Is it right to speak up?

Is it right to speak up?

Waiting to get a coffee, a bloke in England overheard a woman bragging about cheating on her unsuspecting partner, “David”.

Stevie Wilcock didn’t know the woman or catch her name, but he was startled by what he heard.

Stevie has become an international news story because he posted a message to “David” on Facebook. Stevie listed all the details he saw and heard, from the woman’s outfit to the license plate of the car she was driving. Click here to read all about it, including how the woman Stevie overheard was laughing with another man about her infidelity plans. 

 

Reaction AND action

Unsurprisingly, the social-media reaction to Stevie has been mixed. Praise and punches have been directed at him.

Those who applaud him think it’s great that he took a stand against infidelity. Others say he recklessly broadcast the private lives of strangers — without considering all the factors.

But no matter what you think of what Stevie actually did, one thing is undeniable: Stevie reacted AND acted when confronted by the wrong thing.

I know that I don’t do that. I mean, I don’t always do that.

Sometimes I do. Sometimes I speak up or remove myself from a situation or do something specifically because someone is doing the wrong thing near me.

As I read about Stevie, though, I was amazed at how I lack his immediate urgency to take a moral stand. Even though I want my life to imitate Jesus, I’m a flawed facsimile of Jesus’s godly, right ways.

 

There is another way

While Stevie’s Facebook post to “David” was seemingly aimed at “helping” him and shaming his cheating partner, the New Testament instructs Jesus’s followers to something even more radical.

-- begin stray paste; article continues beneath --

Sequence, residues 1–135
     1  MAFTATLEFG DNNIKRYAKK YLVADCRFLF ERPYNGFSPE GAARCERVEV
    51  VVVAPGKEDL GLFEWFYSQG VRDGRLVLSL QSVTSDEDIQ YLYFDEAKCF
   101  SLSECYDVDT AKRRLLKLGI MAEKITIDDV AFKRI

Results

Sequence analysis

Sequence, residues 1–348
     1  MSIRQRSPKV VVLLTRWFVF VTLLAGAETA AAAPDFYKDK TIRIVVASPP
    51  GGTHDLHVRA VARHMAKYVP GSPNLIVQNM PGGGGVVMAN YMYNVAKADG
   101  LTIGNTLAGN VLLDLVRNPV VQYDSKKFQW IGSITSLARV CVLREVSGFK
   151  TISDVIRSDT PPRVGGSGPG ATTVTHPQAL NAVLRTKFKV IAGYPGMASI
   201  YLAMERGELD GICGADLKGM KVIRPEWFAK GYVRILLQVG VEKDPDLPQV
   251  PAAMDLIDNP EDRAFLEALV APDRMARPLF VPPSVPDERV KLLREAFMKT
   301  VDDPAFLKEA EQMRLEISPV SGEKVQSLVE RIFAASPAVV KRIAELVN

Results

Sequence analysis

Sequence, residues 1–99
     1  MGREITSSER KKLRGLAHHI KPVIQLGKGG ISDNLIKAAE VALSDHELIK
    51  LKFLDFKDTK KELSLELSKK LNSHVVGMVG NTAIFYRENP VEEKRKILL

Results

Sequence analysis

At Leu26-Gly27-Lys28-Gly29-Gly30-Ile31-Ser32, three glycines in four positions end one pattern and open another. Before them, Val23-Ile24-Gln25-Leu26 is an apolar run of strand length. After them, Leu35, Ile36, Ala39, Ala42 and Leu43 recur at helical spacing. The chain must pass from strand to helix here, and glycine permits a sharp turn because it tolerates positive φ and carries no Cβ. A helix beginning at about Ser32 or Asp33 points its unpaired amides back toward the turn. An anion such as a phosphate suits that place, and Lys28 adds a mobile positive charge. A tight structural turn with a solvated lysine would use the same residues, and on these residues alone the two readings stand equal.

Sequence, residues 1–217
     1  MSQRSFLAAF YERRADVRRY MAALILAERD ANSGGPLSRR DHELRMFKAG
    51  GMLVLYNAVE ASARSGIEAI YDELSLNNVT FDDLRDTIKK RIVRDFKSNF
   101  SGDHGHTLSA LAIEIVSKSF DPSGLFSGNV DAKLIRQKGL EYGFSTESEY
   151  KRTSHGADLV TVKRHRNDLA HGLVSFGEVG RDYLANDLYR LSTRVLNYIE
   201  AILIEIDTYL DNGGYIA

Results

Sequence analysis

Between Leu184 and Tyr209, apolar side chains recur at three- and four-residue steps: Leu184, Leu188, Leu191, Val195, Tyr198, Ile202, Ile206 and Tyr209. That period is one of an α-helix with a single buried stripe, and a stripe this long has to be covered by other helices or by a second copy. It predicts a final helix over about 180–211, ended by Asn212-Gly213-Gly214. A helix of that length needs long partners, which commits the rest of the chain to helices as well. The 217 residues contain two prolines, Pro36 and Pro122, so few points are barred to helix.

“Brothers and sisters, if someone is caught in any wrongdoing, you who live by the Spirit should restore that person gently,” is what Galatians 6:1 reveals.

Such loving intervention is not calling for us to embarrass or judge the person who is “caught in any wrongdoing” (someone trapped in repeated sin, which they are unable or unwilling to get themselves out of).

No, it’s urging Spirit-filled believers in Jesus to help other Spirit-filled believers in Jesus to overcome whatever has caught them. Giving them whatever heartfelt assistance we can, to restore them to the positive relationship with Jesus that He and His heavenly father long for us to enjoy.

But Galatians 6 does come with a warning about providing such gentle and sincere help. “Watch yourselves, or you also may be tempted. Carry each other’s burdens, and in this way you will fulfill the law of Christ.” (Galatians 6:2)

The hard bit about helping someone to break free of wrongdoing is the risk that we might get caught up in it. However, as Galatians 6:2 highlights, being aware of such a temptation (and, then, how to not be caught by it — as is clearly explained by 1 Corinthians 10:12-13) is the sort of caution we need to exercise.

When we do, we are well placed to carry each other’s burdens in constructive and loving ways — rather than hoping a Facebook post will gently restore someone caught in wrongdoing.

 

Ben McEachen

 

Share

Share on facebook
Share on twitter
Share on linkedin

Leave a Comment

Your email address will not be published. Required fields are marked *

ADVERTISING

ADD AN EVENT

Are you hosting an event in the Synod that will be of interest to Insights’ readers?

To add an event listing email us your event details. A full list of events can be found on our Events page.

Scroll to Top